Let's start with the good news: As of yesterday, July 1, California's shark fin ban (passed in 2011) officially came into effect! California grocers that stocked shark fins and restaurants that offered shark fin soup on the menu had 18 months to move their product. During the 18 month interim, the Los Angeles Times reports that one San Gabriel Valley restaurant specializing in the delicacy shut down, while several retailers in Chinatown bemoaned the large stock of shark fins still at hand.
We have some big news for you –Brunei has become the first Asian country to adopt a nationwide shark fin ban! With his June 7 announcement, Sultan Hossanal Bolkiah’s decree officially banned the catch and landing of all shark species from the waters of Brunei Darussalam, as well as shark fin sales in the domestic market, and the importation and trade of shark products.
We’ve got some great news to share with you – The European Union (EU) agreed on Thursday to tighten their existing ban on shark finning, and to effectively close a final loophole in the ban on finning. With the change, shark finning will be forbidden by all vessels in EU waters and by all EU-registered vessels around the world. “Shark finning is one of the main threats to the shark population,” Sandrine Polti, policy adviser to the Shark Alliance, explained to the Huffington Post. “We’re now in a much better position to push for a global shark-finning ban.”
Maryland made history today by becoming the first East Coast state to ban the possession, sale and distribution of shark fins throughout the state. They join the entire West Coast, as well as Illinois and Hawaii, in banning the fin trade, which drives the cruel and unnecessary act of shark finning and is contributing to the near-extinction of many shark species.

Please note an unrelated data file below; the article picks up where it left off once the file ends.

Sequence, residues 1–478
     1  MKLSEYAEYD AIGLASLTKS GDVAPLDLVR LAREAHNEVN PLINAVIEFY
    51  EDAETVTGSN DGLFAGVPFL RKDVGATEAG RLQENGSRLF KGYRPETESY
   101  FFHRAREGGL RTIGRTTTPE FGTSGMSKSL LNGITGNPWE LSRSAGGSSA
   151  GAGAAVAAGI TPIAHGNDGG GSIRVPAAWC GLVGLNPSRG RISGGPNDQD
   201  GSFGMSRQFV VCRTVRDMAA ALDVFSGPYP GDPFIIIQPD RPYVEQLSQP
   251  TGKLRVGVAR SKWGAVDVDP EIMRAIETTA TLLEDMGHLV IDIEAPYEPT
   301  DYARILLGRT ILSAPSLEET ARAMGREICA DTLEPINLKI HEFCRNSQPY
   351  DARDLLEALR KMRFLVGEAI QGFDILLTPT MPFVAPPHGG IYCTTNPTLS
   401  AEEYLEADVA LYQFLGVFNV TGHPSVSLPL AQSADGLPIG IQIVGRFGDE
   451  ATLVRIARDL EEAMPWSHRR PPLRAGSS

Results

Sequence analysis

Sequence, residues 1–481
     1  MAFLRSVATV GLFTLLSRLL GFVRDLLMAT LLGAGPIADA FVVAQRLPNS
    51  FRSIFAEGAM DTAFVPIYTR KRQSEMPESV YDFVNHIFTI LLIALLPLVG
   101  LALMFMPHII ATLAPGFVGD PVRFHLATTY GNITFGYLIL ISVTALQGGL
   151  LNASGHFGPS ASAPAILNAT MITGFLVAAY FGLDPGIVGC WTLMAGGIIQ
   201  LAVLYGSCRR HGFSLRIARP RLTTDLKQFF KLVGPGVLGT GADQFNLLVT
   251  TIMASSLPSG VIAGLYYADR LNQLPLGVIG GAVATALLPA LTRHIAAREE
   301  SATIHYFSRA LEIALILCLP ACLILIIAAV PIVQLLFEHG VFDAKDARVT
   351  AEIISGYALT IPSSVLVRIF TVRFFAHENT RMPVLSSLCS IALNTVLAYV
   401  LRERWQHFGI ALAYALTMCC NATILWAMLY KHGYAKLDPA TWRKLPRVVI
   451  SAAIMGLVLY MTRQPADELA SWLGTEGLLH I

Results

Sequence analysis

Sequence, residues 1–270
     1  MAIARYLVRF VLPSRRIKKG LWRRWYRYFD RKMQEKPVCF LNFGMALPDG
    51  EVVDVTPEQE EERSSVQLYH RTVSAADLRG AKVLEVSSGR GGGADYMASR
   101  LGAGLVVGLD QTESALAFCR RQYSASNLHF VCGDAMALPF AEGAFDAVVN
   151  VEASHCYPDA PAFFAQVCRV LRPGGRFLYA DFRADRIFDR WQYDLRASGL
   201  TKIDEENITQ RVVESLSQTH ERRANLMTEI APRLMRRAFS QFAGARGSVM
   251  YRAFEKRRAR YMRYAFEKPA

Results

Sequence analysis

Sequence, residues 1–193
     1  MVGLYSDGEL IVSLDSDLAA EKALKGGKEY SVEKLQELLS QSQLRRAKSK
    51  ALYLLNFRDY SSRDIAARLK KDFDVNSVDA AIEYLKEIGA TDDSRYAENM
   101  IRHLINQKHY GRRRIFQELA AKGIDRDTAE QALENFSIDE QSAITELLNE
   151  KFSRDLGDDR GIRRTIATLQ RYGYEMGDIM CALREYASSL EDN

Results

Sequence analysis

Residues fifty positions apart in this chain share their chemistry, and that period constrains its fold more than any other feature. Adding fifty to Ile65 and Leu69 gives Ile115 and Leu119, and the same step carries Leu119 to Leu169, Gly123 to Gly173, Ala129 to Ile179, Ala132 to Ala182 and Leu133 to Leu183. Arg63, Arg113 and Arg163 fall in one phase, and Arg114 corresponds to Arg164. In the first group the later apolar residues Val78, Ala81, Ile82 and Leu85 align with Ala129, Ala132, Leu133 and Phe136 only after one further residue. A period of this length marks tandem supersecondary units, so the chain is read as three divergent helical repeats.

With as many as a third of all shark species in the world facing some threat of extinction, the future of sharks has been in peril for some time now. This month, however, French Polynesia and the Cook Islands have taken a stand for sharks, creating adjacent shark sanctuaries covering 2.5 million square miles of ocean – an area nearly equal to the continent of Australia! With this move, French Polynesia and the Cook Islands join Palau, the Maldives, Honduras, the Bahamas, the Marshall Islands, and Tokelau as countries that have created shark sanctuaries, more than doubling the area worldwide now off-limits to shark fishing. This largest sanctuary in the world also bans the possession, sale, or trade of shark products within its boundaries.
On December 6, French Polynesia created the world’s largest shark sanctuary at 1.5 million square miles, and the neighboring nation of the Cook Islands followed suit on December 19 with its designation of its entire exclusive economic zone – an area equal to the size of Mexico at 756,000 square miles -- as dedicated shark sanctuary waters. “We are proud as Cook Islanders to provide our entire exclusive economic zone…as a shark sanctuary,” Teina Bishop, Cook Island minister of marine resources told BBC News.
Fans of sharks have undoubtedly noticed that protections for the oceans' great predators have really ramped up in the last couple of years - and now the New York Times has taken notice, too.
Reporter Elisabeth Rosenthal quoted Oceana's very own Elizabeth Wilson in yesterday's article about the proliferation of shark finning and trade bans. In the last year, the West Coast has neared a total ban on finning and trade, and the U.S. and Chile have passed national bans on finning. Oceana has been an integral part of advocating for shark protections, as tens of millions of sharks, including some rare and endangered species, are killed each year for their fins.
As Elizabeth said in the Times: "We're really enthusiastic to see good things finally starting to happen for sharks."
And we're thrilled by all the Oceana Wavemakers who joined us in the fight to save sharks. There's still time to help: If you're a California resident, you can call Gov. Jerry Brown to encourage him to sign the shark fin ban, AB 376, that was passed by the state Senate last week into law at 916-445-2841. Call by Oct. 9, which is the deadline for it to be passed. The sharks thank you!